Three UD alumni elected to National Academy of Engineering
Morton Collins, a 1958 graduate, was cited for accomplishments as a builder and manager of technology-based companies and as an adviser to government and universities; Teh Ho, a 1977 graduate, for contributions to catalytic removal of sulfur and nitrogen compounds from hydrocarbon fuels; and David Welch, a 1981 graduate, for contributions to high-power semiconductor lasers and photonic integrated circuits.
National Medal of Science
They will be formally inducted during a ceremony at the NAE’s annual meeting in Washington, D.C., on Oct. 9.
“Election to NAE is among the highest professional distinctions accorded to an engineer,” says Babatunde Ogunnaike, dean of the College of Engineering. “This honor places Mort, Teh and David among the world’s most accomplished engineers and recognizes their lifelong contributions to the study and practice of engineering. Their dedication to discovery makes the world a better place and brings honor to the profession of engineering.”
After completing his bachelor’s degree in chemical engineering at UD in 1958, Collins earned master’s and doctoral degrees at Princeton University. He is currently managing partner at Battelle Ventures LLC, in Ewing, New Jersey. Collins has demonstrated major successes in the fields of life sciences, electronic materials, communications and software.
In 1968, Collins founded Data Science Ventures (DSV), a pioneering venture-capital firm, and for 30 years he was a managing partner in four DSV partnerships that specialized in early-stage financing of high-technology companies. In 1997, he became a special limited partner of Cardinal Partners, the successor to the DSV series of partnerships.
Collins chaired President Ronald Reagan’s Task Force on Innovation and Entrepreneurship, and he served as technology policy adviser to President George H.W. Bush. He has served on the New Jersey Governor’s Commission on Science and Technology and the New Jersey Governor’s Superconductivity Roundtable, and he is a member of the Research Roundtable of the National Academy of Sciences.
Collins has generously given both his time and money to his alma mater over the years. For nearly 30 years, he has been a member of the Department of Chemical and Biomolecular Engineering Advisory Council, serving as chair from 1984-2010. He also serves as a member of the President’s Leadership Council.
Collins supports first-year graduate student fellowships in the College of Engineering and endeavors like the Class of 1958 Scholarship and the renovations to Colburn Lab. In recognition of his many achievements, Collins was awarded the 1989 University of Delaware Medal of Distinction.
Teh Ho earned his doctorate in chemical engineering at UD in 1977, with Morton Denn as his adviser. He is a retired senior research associate at ExxonMobil Research and Engineering Company in Bridgewater, New Jersey, and previously worked at Halcon Research and Development Corporation. Ho was also a platoon leader with the Taiwan Marine Corps.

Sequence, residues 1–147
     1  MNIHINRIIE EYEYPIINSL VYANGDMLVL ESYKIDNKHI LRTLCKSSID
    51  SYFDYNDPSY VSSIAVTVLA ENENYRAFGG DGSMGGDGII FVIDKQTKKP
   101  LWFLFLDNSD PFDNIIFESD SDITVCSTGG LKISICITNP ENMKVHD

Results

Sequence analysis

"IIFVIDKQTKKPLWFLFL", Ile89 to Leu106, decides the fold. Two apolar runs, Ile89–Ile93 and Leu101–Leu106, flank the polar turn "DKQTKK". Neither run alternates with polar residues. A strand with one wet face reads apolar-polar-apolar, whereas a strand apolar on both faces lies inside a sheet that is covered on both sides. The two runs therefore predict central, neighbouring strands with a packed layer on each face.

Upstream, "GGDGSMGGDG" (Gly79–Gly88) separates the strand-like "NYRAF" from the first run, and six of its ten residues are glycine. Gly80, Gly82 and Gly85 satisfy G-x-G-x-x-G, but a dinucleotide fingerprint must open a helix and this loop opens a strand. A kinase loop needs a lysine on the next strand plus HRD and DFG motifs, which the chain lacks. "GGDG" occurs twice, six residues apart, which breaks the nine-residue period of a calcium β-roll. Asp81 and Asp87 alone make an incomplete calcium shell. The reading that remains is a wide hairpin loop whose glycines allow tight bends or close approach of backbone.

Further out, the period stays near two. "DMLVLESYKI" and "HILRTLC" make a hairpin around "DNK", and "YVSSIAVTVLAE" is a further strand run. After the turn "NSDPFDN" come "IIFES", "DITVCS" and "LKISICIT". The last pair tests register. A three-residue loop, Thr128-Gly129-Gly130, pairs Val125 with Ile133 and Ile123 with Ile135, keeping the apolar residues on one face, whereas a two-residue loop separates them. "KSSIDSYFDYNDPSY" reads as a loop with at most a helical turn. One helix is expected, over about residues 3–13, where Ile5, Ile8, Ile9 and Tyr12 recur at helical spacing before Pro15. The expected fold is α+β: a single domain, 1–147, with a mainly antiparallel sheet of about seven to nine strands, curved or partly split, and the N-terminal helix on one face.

He is a co-inventor on more than 40 patents and the recipient of the R. H. Wilhelm Award in Chemical Reaction Engineering from the American Institute of Chemical Engineers (AIChE).
Ho’s wife, Wei Wei H. Ho, is also a UD graduate, receiving a degree in 1976. The couple supports a variety of initiatives on campus including the renovation of Colburn Laboratory, the construction of Harker Laboratory, the departments of Chemical Engineering and Biomolecular Engineering and Plant and Soil Sciences, and the Art Metzner Professorship.
David Welch earned a bachelor’s degree in electrical engineering at UD in 1981 and then went on to complete his doctorate at Cornell University. His career spans almost 30 years of entrepreneurial leadership in fiber optic communications. Welch went to California after graduate school to join SDL, a multinational software and professional services company, as a research scientist in 1985.
After rising to the role of chief technical officer and vice president of corporate development at SDL, he successfully identified, negotiated, and completed several corporate acquisitions, culminating in the merger of SDL with JDS Uniphase. In 2001, Welch co-founded Infinera, a manufacturer of optical telecommunications systems based in Sunnyvale, California. He currently serves as its president and sits on the board of directors.
Welch holds over 130 patents in optical transmission technologies, and he has authored more than 300 technical publications in the same field. A fellow of both the Optical Society of America and the Institute of Electrical and Electronics Engineers, he has been awarded the Adolph Lomb Medal, the Joseph Fraunhofer Award, and the John Tyndall Award in recognition of his technical contributions to the optical industry.
Welch has been a strong supporter of the College of Engineering and the Department of Electrical and Computer Engineering, particularly in terms of providing faculty resources. He is currently a member of the College of Engineering Advisory Council.
“These newest NAE elections reflect on the training UD engineering gives its students,” Ogunnaike says. “We look forward to seeing many more of our alumni receive this honor in the future.”
About the NAE
Election to the National Academy of Engineering membership honors those who have made outstanding contributions to “engineering research, practice, or education, including, where appropriate, significant contributions to the engineering literature” and to “the pioneering of new and developing fields of technology, making major advancements in traditional fields of engineering, or developing/implementing innovative approaches to engineering education.”
The new elections bring the total U.S. membership in NAE to 2,275 and the number of foreign members to 232.